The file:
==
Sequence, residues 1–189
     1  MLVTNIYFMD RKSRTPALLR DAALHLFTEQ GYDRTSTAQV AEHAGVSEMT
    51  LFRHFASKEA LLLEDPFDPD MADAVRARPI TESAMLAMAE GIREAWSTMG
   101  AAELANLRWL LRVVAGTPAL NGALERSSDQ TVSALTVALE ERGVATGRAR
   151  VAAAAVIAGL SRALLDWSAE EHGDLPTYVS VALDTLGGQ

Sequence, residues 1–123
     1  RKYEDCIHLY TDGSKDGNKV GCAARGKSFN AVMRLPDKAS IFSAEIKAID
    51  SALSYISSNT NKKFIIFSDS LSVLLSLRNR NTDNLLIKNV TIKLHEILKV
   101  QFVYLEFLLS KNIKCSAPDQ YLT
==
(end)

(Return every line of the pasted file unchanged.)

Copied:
Sequence, residues 1–189
     1  MLVTNIYFMD RKSRTPALLR DAALHLFTEQ GYDRTSTAQV AEHAGVSEMT
    51  LFRHFASKEA LLLEDPFDPD MADAVRARPI TESAMLAMAE GIREAWSTMG
   101  AAELANLRWL LRVVAGTPAL NGALERSSDQ TVSALTVALE ERGVATGRAR
   151  VAAAAVIAGL SRALLDWSAE EHGDLPTYVS VALDTLGGQ

Sequence, residues 1–123
     1  RKYEDCIHLY TDGSKDGNKV GCAARGKSFN AVMRLPDKAS IFSAEIKAID
    51  SALSYISSNT NKKFIIFSDS LSVLLSLRNR NTDNLLIKNV TIKLHEILKV
   101  QFVYLEFLLS KNIKCSAPDQ YLT